In light of this, the topic of this blog (to be delivered in two parts) is to discuss the possibility that an important metric may be under-defined in 3GPP. There seems to be significant anecdotal evidence coming from the LTE industry that there is an issue with device vendors measuring and reporting a metric called Reference Signal Received Quality (RSRQ) in a standard fashion. It may be that the interpretation of the definition of RSRQ in 3GPP is leading to significantly different implementations by Device vendors such that the use of RSRQ as a mobility trigger is being called into question, at least at this relatively early stage of LTE development.
Let’s examine the definition of the metric. Per 3GPP TSG RAN; EUTRA; TS36.214 Physical Layer – Measurements, the following definition in blue is given:
Reference Signal Received Quality (RSRQ) is defined as the ratio N×RSRP/(E-UTRA carrier RSSI), where N is the number of RB’s of the E-UTRA carrier RSSI measurement bandwidth. The measurements in the numerator and denominator shall be made over the same set of resource blocks.
E-UTRA Carrier Received Signal Strength Indicator (RSSI), comprises the linear average of the total received power (in [W]) observed only in OFDM symbols containing reference symbols for antenna port 0, in the measurement bandwidth, over N number of resource blocks by the UE from all sources, including co-channel serving and non-serving cells, adjacent channel interference, thermal noise etc.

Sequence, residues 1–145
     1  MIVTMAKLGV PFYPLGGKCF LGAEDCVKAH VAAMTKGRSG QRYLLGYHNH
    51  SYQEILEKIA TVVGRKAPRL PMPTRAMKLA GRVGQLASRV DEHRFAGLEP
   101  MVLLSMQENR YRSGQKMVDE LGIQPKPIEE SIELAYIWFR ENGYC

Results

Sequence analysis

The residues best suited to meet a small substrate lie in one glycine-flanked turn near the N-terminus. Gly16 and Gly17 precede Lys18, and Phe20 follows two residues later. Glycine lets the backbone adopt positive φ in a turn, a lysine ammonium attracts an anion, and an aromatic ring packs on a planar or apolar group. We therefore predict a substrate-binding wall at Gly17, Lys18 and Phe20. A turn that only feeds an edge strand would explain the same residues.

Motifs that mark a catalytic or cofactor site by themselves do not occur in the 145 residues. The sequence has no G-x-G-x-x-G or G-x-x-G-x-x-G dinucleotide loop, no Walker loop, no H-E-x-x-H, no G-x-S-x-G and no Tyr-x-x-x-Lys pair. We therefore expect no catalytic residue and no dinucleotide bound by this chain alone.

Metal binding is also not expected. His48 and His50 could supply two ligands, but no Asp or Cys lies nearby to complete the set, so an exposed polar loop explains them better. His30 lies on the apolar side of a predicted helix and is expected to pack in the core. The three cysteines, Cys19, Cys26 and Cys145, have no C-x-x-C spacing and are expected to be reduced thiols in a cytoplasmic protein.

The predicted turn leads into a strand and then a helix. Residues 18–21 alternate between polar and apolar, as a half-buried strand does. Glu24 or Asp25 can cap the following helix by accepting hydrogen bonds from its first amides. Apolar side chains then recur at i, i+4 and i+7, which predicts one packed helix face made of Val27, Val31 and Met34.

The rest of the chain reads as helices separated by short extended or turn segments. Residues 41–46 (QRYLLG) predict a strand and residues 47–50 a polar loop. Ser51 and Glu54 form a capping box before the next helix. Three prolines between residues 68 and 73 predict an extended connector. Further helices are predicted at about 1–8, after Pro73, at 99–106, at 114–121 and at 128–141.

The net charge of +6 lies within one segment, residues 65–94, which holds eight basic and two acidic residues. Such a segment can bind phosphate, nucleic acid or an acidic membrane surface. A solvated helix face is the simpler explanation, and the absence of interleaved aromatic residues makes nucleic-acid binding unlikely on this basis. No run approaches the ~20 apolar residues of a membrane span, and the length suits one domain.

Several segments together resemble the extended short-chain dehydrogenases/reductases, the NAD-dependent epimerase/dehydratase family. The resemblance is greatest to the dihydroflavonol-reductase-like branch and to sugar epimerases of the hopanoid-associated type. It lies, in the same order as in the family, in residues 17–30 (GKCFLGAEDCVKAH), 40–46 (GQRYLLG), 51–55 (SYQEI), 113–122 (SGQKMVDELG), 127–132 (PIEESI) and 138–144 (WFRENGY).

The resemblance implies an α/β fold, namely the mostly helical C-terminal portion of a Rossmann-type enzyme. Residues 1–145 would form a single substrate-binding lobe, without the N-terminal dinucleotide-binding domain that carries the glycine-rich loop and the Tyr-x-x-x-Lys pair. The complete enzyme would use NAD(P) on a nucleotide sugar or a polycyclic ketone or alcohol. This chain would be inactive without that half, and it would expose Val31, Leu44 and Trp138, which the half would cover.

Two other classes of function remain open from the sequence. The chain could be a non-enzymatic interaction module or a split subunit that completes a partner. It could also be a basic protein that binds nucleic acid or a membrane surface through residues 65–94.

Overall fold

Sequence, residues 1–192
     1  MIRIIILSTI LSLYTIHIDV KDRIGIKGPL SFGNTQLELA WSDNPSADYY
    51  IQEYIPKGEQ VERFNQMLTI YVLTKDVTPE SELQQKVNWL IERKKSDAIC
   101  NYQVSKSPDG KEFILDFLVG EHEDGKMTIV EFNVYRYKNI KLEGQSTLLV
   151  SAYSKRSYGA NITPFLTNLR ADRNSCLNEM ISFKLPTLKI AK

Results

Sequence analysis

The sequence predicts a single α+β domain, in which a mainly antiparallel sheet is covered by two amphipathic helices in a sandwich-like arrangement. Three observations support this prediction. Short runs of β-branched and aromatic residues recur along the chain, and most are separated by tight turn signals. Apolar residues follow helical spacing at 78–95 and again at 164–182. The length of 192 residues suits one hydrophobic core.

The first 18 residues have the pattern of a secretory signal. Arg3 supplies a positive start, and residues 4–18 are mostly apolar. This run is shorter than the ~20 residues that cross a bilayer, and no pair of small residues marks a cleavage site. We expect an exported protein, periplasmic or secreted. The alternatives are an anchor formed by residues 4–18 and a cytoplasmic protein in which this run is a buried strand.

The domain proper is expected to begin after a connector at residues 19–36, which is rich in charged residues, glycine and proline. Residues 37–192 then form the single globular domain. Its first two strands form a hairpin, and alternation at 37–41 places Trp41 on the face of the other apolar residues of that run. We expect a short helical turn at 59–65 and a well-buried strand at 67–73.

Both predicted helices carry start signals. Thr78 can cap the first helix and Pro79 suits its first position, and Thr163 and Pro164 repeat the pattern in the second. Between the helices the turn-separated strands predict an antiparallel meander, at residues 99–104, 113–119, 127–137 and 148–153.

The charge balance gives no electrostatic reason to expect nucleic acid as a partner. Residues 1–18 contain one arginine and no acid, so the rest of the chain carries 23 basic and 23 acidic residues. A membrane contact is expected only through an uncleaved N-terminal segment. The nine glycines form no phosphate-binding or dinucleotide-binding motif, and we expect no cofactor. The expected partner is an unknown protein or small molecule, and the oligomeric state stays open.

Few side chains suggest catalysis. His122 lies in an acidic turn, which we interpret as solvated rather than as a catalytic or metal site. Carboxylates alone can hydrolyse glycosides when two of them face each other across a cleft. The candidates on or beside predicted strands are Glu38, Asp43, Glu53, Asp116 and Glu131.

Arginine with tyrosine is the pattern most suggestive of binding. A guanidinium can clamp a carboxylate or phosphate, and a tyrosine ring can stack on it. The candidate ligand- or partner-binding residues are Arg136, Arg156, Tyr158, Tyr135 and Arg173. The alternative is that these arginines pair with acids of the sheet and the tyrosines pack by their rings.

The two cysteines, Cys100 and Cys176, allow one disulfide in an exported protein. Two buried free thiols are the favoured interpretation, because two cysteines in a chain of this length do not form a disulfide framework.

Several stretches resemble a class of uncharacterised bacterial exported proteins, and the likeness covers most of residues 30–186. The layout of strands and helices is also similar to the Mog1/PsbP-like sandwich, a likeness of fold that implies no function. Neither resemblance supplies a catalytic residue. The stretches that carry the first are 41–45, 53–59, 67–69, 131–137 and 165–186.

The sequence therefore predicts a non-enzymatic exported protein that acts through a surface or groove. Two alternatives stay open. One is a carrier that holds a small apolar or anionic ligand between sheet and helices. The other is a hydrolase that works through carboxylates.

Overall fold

The reference point for the RSRQ shall be the antenna connector of the UE.
If receiver diversity is in use by the UE, the reported value shall not be lower than the corresponding RSRQ of any of the individual diversity branches.
At first glance the definition seems to make sense. In multiplying RSRP by the number of N Resource Blocks in the measurement bandwidth (NxRSRP/E-UTRA carrier RSSI), the definition is striving to make an apples to apples comparison of RSRP in the numerator versus the contribution of RSRP to the RSSI in the denominator. Typically, RSSI is the measurement of all energy seen by a receiver in a given measurement bandwidth and includes thermal noise, additional self-induced noise as represented by the receiver noise figure, and all desired as well as undesired signals. The reference signals of the serving cell would certainly qualify as desired signals thus they would also contribute to the denominator. RSRP in itself is an average measurement of the signal strength of individual Reference Signals over a measurement (Channel) bandwidth while RSSI is a cumulative measurement over the total channel bandwidth. Multiplying RSRP by N Resource blocks would seem to be making the numerator a cumulative quantity over the total channel bandwidth thus lending itself to a logical comparison to the cumulative quantity expressed by RSSI in the denominator. Before going further, we should discuss the definition of RSRP itself.